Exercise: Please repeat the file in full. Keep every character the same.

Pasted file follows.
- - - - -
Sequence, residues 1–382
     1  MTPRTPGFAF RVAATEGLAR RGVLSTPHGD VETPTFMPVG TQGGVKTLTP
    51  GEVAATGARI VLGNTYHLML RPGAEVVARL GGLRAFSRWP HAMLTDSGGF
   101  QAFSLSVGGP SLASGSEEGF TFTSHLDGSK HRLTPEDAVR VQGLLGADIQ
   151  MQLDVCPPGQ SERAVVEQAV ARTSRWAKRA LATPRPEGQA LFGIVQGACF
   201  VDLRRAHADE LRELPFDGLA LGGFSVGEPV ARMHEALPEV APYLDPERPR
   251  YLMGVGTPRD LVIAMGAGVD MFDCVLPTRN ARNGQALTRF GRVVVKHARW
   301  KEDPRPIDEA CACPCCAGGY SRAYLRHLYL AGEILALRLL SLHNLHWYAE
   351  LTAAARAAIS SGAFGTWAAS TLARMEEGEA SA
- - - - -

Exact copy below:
Sequence, residues 1–382
     1  MTPRTPGFAF RVAATEGLAR RGVLSTPHGD VETPTFMPVG TQGGVKTLTP
    51  GEVAATGARI VLGNTYHLML RPGAEVVARL GGLRAFSRWP HAMLTDSGGF
   101  QAFSLSVGGP SLASGSEEGF TFTSHLDGSK HRLTPEDAVR VQGLLGADIQ
   151  MQLDVCPPGQ SERAVVEQAV ARTSRWAKRA LATPRPEGQA LFGIVQGACF
   201  VDLRRAHADE LRELPFDGLA LGGFSVGEPV ARMHEALPEV APYLDPERPR
   251  YLMGVGTPRD LVIAMGAGVD MFDCVLPTRN ARNGQALTRF GRVVVKHARW
   301  KEDPRPIDEA CACPCCAGGY SRAYLRHLYL AGEILALRLL SLHNLHWYAE
   351  LTAAARAAIS SGAFGTWAAS TLARMEEGEA SA